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Salamon's last book, The Devil's Candy, was a wonderfully telling book about Hollywood. This, too, is a wonderfully telling book, but quite different. In 1993 Salamon interviewed Steven Spielberg on the set of Schindler's List in Poland. In tow was her mother Lilly, who survived Auschwitz. Lilly remembers little of the camp, though she recalls that Mengele was a handsome man. As Salamon writes, "dropped into madness, she adjusted to madness." In her life afterward, Lilly was indomitably optimistic. She and her husband-a survivor of Dachau-established their family in the Midwest. There they were a continent and a culture away from a past that nevertheless seeped into their relentlessly American present. Her parents' ultimate triumph is that they achieved ordinariness. Salamon movingly evokes their courage in this extraordinary memoir.
In The Devil's Candy, Julie Salamon reported on the making of Brian DePalma's dead-in-the-water film version of Tom Wolfe's novel Bonfire of the Vanities. Here she gives us her own family's memoir, an altogether more personal report, but one which also begins in the film world. Invited to visit Steven Spielberg on the set of Schindler's List, Salamon asks her mother, Lily, to go along. Lily, herself a survivor of the concentration camps, "came through Auschwitz remarkably unscarred," writes Salamon. "Dropped into madness, she adjusted to madness." Once she saw Joseph Mengele, the infamous Nazi doctor, when he visited the camp. "He was good-looking," Lily tells her horrified daughter 50 years later, "though most men look very good in uniform."
Lily's normalcy is part pluck, part denial. Her Ohio-born daughter, by contrast, approaches this visit to the sites of the Holocaust with dread -- at her distance the evil of the Final Solution can only appear inhuman, monstrous, off-the-scale. The film set, with its artificiality in pursuit of real feeling, enhances the contrast. "The crematoria have been knocked down," Spielberg tells Salamon, "except for the one ABC built for In the end, Lily forces herself to remember all the piercing details, the terrible betrayal of the war, and does so in order to help her daughter come to a just understanding of it. The two exchange their stories and their points of view. This moving, intimate and often funny memoir demonstrates how the stories we must make up to survive can bring us to the actual truth, after all. -- Salon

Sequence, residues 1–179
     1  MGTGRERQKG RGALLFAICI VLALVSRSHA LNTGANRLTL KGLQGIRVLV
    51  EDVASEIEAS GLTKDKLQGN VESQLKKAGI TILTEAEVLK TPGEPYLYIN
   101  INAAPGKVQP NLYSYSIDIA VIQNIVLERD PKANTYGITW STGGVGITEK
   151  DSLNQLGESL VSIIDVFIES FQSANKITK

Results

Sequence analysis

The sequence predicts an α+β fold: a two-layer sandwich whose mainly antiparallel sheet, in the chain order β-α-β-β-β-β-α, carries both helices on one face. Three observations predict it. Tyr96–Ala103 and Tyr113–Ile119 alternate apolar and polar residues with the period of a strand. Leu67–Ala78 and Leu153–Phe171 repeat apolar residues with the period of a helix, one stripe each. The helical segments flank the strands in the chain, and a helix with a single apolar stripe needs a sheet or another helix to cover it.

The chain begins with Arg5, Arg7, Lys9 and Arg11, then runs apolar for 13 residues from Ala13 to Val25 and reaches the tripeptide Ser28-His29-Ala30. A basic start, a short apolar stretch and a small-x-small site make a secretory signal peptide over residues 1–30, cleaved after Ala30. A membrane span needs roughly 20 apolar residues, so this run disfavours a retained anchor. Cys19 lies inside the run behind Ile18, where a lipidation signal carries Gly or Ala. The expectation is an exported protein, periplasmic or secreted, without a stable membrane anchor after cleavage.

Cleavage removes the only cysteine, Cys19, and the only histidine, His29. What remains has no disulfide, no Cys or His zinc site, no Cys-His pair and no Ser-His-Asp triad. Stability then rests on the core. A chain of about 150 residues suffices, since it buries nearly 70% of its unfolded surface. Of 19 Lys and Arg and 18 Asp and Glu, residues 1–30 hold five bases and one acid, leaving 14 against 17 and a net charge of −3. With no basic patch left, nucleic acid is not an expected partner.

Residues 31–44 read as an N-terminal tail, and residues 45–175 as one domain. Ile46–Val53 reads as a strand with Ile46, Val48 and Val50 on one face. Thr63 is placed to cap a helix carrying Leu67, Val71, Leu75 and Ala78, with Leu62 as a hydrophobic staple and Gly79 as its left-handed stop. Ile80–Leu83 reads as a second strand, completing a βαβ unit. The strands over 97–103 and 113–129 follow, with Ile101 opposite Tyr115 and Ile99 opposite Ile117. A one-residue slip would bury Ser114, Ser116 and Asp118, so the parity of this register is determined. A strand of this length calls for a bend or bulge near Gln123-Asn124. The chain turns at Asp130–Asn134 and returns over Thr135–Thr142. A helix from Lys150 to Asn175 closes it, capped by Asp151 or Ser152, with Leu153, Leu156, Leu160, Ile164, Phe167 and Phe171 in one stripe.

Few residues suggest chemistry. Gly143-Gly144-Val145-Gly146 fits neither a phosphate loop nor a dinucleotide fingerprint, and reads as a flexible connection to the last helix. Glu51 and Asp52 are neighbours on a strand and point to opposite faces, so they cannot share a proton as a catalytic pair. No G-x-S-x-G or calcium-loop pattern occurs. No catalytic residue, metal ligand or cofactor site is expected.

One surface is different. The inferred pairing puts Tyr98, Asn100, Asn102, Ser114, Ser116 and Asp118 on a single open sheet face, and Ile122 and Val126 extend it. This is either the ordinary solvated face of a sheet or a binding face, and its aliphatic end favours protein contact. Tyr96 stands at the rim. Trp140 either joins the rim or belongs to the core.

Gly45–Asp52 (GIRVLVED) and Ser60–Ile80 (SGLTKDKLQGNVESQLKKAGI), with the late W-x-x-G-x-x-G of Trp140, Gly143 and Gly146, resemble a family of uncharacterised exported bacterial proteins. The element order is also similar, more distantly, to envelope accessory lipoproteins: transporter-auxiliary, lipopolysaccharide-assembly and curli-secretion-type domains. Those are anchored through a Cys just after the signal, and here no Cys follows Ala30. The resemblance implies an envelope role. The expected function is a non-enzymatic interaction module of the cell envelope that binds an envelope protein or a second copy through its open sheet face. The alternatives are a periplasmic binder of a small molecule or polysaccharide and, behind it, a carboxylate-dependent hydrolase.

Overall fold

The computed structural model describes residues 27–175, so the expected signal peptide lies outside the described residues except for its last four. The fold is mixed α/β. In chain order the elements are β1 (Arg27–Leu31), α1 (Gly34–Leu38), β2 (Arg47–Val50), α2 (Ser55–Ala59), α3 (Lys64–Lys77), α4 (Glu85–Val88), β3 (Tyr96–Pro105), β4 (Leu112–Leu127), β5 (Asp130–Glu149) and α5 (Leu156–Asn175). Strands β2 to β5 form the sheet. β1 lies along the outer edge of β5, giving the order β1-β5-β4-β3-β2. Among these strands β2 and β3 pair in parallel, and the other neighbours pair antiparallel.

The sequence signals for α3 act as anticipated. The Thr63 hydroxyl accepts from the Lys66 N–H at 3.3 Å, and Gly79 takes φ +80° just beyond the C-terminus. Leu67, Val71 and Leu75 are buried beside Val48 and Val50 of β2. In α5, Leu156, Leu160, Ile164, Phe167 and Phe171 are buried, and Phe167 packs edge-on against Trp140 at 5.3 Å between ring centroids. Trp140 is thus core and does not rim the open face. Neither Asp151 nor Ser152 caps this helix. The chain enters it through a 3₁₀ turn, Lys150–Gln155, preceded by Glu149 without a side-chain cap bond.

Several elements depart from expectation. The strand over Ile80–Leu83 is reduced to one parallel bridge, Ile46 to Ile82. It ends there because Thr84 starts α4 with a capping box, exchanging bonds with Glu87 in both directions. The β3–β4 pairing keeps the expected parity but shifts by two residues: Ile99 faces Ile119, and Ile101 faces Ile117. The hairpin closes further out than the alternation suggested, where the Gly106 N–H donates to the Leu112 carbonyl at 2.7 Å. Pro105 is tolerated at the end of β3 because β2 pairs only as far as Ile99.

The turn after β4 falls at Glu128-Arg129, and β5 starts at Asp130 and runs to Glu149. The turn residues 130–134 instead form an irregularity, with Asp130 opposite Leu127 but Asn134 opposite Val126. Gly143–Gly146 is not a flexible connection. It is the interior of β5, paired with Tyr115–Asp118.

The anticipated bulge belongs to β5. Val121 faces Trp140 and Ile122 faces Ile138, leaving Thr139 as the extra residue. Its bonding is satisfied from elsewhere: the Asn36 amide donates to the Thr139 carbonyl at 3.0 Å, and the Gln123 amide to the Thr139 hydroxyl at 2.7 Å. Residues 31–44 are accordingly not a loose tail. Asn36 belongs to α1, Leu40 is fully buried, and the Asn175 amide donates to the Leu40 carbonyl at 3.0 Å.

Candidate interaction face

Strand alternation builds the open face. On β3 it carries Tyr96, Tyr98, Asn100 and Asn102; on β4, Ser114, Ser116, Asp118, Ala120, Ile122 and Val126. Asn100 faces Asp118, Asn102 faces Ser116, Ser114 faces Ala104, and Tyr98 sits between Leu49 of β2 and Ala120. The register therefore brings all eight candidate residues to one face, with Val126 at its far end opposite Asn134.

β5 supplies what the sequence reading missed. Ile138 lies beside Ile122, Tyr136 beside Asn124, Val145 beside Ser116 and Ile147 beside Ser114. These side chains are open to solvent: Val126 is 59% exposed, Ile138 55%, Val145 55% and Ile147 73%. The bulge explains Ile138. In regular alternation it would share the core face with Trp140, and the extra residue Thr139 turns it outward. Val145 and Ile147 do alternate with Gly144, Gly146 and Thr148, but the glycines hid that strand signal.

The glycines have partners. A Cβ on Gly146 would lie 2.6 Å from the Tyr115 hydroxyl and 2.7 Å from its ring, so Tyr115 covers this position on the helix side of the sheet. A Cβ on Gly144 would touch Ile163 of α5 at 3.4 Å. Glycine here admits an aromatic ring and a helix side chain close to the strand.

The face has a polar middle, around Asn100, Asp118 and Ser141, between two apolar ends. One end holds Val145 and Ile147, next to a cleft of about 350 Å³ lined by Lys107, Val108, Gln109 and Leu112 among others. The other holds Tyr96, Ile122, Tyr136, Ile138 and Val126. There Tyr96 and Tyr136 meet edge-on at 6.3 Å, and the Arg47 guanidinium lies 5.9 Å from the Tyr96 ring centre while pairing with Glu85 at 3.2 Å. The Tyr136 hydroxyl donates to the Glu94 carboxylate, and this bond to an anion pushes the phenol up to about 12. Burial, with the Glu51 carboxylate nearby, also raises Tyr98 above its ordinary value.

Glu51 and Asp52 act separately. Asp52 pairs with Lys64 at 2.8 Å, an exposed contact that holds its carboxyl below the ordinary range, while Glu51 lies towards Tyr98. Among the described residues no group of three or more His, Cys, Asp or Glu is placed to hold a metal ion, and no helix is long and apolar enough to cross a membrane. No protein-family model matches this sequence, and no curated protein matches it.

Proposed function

In the end, Lily forces herself to remember all the piercing details, the terrible betrayal of the war, and does so in order to help her daughter come to a just understanding of it. The two exchange their stories and their points of view. This moving, intimate and often funny memoir demonstrates how the stories we must make up to survive can bring us to the actual truth, after all. -- Salon
Actually, Hollywood does put in a brief, distracting appearance in the person of Salamon's pal Steven Spielberg, whose filming of Schindler's List neatly coincides with Salamon's own excavation of her parents' Holocaust experiences on a trip to Eastern Europe. Her quest seems to be threefold: to understand her mother, Szimi, an optimistic, happy-go-lucky soul; her father, Sanyi, the ideal physician and "saint" of Adams County, Ohio; and the reason why these two Czech Jews, survivors of Auschwitz and Dachau, would settle in such a poor, remote town at the foot of the Appalachians. But while Salamon (formerly of the Wall Street Journal) can gather all the information, her unusual parents elude her powers of penetration; each is reduced to a single, most salient quality. Szimi's breezy detachment may have helped her survive the wartime trauma of deportation, deprivation, and resettlement, first in Prague, where she met Sanyi, and then in America. But at its extreme, when she revisits Auschwitz, this every-cloud-has-a-silver-lining attitude is downright bizarre ("You know, if I hadn't gone through this place I probably wouldn't have led such an interesting life"). Sanyi (who died of cancer when Salamon was 18) remains a remote figure; admitting herself that she barely knew her father, she paints Sanyi primarily as a dedicated doctor whose long silences and deep rages were due to the loss of his first wife and daughter at the hand of the Nazis.
In the end, this narrative is at once too private and too impersonal—the reader floats on the surface of events and characters, unable to to enter into the Salamons' search for a safe place to raise their family.
|4.||The Lucky One||55|
|7.||The Gypsy Woman||111|
|8.||Heaven on Earth||127|
|10.||Set for Life||157|
|14.||The False Spring||227|
|16.||This Is the Place||259|
|17.||The Conspiracy of Happiness||281|
|18.||A Very Good Life||291|
|Epilogue: "Is It So, Suzy?"||331|